In assessing the association of muscular strength and aerobic fitness with the individual metabolic syndrome risk factors, two models were applied. Model C contained both muscular strength and aerobic fitness and was adjusted for all confounding variables. Additional adjustment for obesity was made in model D to analyze the extent to which obesity mediates this relationship. Two measures of obesity were successively included in model D: waist circumference for central adiposity, and body mass index for general adiposity.
Muscular strength and aerobic fitness were entered as continuous variables in all analyses. Standardized β coefficients are provided, which express the number of standard deviations by which the outcome (cMSy or metabolic syndrome risk factors) changes as a result of a one-standard deviation change in the predictor (muscular strength or aerobic fitness). Because all of the standardized β values are measured in standard deviation units, they facilitate the comparison of the (relative) contribution of each predictor in the model. The minimal level of statistical significance was set at P < 0.05. A priori power analyses were conducted to create a strong study design. The analyses showed that N values of 168 and 156 in males and females, respectively, were sufficient to power the study at 0.8 for a detectable β of 0.15 for muscular strength and aerobic fitness, given the 0.05 level of significance, which confirms the adequacy of the present sample size of males (N = 571) and females (N = 448).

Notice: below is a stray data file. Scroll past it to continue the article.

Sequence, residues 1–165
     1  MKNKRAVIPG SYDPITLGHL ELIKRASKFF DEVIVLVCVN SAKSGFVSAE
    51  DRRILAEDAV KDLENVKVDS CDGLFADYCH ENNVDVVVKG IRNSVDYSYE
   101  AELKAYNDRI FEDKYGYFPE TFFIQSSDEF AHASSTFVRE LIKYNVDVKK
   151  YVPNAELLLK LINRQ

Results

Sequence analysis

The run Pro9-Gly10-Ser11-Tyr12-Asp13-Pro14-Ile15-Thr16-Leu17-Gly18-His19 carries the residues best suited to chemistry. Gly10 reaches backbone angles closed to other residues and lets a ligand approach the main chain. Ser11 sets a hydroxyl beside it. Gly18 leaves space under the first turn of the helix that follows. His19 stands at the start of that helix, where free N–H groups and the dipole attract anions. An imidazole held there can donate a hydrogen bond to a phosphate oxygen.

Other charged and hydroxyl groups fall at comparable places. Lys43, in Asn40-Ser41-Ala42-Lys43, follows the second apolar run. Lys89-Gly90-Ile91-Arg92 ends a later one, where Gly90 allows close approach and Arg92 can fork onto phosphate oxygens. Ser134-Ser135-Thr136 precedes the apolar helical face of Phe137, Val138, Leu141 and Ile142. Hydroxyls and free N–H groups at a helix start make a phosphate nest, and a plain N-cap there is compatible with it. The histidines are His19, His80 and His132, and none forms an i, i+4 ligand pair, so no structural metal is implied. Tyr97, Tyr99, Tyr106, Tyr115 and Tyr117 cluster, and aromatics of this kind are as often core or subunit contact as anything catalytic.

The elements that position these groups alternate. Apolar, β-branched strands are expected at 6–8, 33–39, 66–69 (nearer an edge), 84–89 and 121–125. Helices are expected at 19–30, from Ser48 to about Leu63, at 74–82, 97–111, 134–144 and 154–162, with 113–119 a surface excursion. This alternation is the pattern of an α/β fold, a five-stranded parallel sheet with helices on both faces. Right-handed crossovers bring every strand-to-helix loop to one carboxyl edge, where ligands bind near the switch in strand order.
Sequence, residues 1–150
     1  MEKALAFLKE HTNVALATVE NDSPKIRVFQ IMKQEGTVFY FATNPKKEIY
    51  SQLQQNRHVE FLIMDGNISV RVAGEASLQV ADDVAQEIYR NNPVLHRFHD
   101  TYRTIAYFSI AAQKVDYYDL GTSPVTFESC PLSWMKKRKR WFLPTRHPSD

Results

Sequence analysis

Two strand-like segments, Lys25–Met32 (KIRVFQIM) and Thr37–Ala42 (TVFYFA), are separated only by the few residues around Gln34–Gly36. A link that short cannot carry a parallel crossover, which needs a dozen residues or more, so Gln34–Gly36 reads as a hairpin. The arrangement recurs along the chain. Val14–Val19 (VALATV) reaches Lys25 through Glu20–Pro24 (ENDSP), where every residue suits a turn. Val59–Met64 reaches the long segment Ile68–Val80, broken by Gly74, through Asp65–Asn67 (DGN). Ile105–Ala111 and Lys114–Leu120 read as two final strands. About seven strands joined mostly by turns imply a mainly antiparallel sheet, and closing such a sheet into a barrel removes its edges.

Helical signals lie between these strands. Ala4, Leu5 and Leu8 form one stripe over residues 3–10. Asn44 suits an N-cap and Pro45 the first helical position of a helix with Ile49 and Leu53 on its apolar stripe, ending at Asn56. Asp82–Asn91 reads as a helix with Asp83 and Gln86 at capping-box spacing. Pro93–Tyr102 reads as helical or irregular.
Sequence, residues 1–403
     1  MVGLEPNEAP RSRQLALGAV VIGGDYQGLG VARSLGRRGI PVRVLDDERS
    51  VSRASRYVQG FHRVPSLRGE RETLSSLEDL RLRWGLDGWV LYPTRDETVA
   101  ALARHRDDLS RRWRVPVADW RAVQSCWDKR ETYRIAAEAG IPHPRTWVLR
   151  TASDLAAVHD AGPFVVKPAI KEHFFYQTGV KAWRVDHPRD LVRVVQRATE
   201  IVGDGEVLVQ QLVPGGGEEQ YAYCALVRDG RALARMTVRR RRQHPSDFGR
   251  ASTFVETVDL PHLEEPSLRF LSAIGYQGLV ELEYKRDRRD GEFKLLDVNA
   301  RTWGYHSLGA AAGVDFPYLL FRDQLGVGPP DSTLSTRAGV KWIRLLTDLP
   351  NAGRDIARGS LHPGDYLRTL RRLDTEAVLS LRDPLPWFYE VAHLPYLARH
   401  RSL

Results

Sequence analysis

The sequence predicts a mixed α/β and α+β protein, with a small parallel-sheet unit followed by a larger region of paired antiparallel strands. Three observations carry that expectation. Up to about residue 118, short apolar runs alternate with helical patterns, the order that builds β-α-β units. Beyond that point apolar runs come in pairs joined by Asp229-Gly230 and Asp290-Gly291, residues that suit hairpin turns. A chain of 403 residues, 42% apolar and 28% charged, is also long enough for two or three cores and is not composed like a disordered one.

Descriptive statistics of subjects are shown in Table 1. Men showed higher BMI in comparison with women (P < 0.001). However, men also displayed higher FFM (P < 0.001). Furthermore, waist circumference, triglycerides, glucose, and systolic and diastolic blood pressure were higher in men (P < 0.001), whereas HDL cholesterol was higher in women (P < 0.001). Finally, sex differences were found for muscular strength and aerobic fitness, expressed in absolute terms, both being higher in men (P < 0.001). After scaling both variables for FFM, mean values for muscular strength and aerobic fitness in men were 4.50 ± 0.77 N·m·kgFFM−1.014 and 98.14 ± 20.19 mL·kgFFM−0.820 min−1, respectively. In women, scaled mean values were 4.84 ± 0.88 N·m·kgFFM−0.975 for muscular strength and 44.76 ± 8.64 mL·kgFFM−0.973 min−1 for aerobic fitness. No comparison between men and women was made for these scaled values because of the different FFM exponents between sexes for both variables.